@Lisa — Yes, in contexts like this it’s always important to think about both the raw numbers and the percentages. In the real world, both matter.

Your statement other funding models other than APC undermines your argument. Someone is funding for publishing something. Be it a benefactor, institution, or whoever, and those funding sources are reliant on beneficence or volunteers which at best cannot be counted upon because they are reliant on budgets that are reliant upon some kind of income. But, publishing the article is but a small part of getting an article to an audience. Ah, the audience. Just how do you suppose one finds an article? Just who is going to index? Then there is the cost of achieving, proofreading, reviewing, etc. So many steps and each has a cost if not in dollars then in time and time is money!
In short, I urge you to study the concept of “there is no free lunch”!

Indeed, there is no free lunch. And someone must pay. However, when libraries or funding agencies pay for APCs, we are not talking about beneficence or volunteers; we are talking about good government money going to the wrong place. Funding agencies or libraries have no income to speak of, but they themselves have subsidies from either their institution (which, very often, is a public institution), or directly from the government. When NSF pays for APCs, NSF, in effect, contributes to subsidies reaching commercial publishers.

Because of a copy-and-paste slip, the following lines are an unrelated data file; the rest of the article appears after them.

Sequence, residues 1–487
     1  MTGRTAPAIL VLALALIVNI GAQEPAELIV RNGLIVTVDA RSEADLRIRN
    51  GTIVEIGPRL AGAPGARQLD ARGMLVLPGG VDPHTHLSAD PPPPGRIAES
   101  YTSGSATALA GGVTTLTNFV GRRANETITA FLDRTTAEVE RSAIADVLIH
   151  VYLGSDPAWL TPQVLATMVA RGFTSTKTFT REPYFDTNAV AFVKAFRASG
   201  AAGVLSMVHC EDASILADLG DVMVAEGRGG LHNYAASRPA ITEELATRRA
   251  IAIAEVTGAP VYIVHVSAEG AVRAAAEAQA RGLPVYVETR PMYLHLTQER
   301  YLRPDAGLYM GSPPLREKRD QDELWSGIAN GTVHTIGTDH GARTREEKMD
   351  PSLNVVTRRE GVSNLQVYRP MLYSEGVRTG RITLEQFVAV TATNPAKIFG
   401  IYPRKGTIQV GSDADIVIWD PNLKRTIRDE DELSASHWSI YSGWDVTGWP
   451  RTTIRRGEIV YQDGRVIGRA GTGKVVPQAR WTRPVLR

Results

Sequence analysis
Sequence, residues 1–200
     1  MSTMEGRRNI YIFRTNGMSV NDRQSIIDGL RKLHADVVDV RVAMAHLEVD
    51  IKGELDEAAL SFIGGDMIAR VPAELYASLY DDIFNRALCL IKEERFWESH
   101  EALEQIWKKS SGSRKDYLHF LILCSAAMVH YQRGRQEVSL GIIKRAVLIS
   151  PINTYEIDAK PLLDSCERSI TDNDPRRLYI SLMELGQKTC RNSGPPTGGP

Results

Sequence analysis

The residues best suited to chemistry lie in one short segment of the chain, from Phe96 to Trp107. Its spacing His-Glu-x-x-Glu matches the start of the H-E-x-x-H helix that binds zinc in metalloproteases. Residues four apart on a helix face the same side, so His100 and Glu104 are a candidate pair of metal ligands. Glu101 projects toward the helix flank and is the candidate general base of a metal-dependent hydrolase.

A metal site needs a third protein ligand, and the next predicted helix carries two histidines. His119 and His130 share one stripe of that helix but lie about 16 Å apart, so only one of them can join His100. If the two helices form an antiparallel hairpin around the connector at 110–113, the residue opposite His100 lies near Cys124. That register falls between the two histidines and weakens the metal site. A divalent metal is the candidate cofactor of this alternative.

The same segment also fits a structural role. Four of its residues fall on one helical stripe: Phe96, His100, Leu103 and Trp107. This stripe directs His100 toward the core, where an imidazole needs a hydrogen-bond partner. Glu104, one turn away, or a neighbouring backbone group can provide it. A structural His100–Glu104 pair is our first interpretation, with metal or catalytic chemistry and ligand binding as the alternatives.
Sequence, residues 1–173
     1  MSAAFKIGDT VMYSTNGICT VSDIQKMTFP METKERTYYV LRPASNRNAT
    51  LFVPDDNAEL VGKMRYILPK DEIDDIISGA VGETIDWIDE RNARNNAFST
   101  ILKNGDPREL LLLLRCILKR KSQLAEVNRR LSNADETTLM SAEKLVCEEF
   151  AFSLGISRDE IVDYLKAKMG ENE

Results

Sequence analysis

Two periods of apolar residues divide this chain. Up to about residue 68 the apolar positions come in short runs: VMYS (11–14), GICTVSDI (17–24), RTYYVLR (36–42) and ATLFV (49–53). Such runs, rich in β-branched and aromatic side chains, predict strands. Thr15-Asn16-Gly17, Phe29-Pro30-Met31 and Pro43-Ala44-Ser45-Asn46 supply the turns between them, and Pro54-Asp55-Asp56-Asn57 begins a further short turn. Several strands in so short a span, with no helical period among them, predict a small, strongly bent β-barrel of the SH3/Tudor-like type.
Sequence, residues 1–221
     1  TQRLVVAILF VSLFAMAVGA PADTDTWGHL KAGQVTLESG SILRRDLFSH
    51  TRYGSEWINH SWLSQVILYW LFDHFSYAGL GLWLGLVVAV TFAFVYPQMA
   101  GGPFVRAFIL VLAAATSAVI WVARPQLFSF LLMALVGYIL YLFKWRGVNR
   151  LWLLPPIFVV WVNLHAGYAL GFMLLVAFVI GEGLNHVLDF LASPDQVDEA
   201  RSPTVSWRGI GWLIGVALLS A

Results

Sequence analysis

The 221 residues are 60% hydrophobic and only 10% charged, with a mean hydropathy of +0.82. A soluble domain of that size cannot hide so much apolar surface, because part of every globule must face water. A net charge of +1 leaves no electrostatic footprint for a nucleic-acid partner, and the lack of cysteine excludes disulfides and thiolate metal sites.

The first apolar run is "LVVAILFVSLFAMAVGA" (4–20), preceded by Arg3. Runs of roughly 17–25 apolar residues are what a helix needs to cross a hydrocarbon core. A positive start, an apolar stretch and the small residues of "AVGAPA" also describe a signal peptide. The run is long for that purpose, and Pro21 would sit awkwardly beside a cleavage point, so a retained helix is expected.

There really is only one system that has any track record of balancing cost, quantity, and quality of products: a free market. Publishers exploit a distorted market created by having libraries and institutions rent content on behalf of users. The scholarly-communication market would have to adopt a Netflix model, but the chances of that happening are close to nil.

Again the problem with your argument is funding agencies! The funding agency has decided to take money from Paul to pay Peter who happens to be the author who in turn pays someone to publish the article. Now if, and I am not saying that we should go to the subscription model, Paul is not paying Peter but rather is paying for making the article available in a library to whomever wants to read it. That person most likely being someone who can understand it which in turn eliminates the need for a new journal of what a journal article says. I know it is inconvenient to have to go all the way to a library, but then again on a campus, one can access via a computer and indeed even in one’s home.
If OA is so desirable as a business model or for that matter any kind of model to get information from here to there why isn’t Microsoft or other programs free?
I think the answer is because there is no free lunch!